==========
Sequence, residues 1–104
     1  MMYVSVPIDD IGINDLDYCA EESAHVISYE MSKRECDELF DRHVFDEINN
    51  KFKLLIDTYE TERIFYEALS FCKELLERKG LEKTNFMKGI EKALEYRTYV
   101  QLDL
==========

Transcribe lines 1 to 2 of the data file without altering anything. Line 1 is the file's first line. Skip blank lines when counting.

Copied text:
Sequence, residues 1–104
     1  MMYVSVPIDD IGINDLDYCA EESAHVISYE MSKRECDELF DRHVFDEINN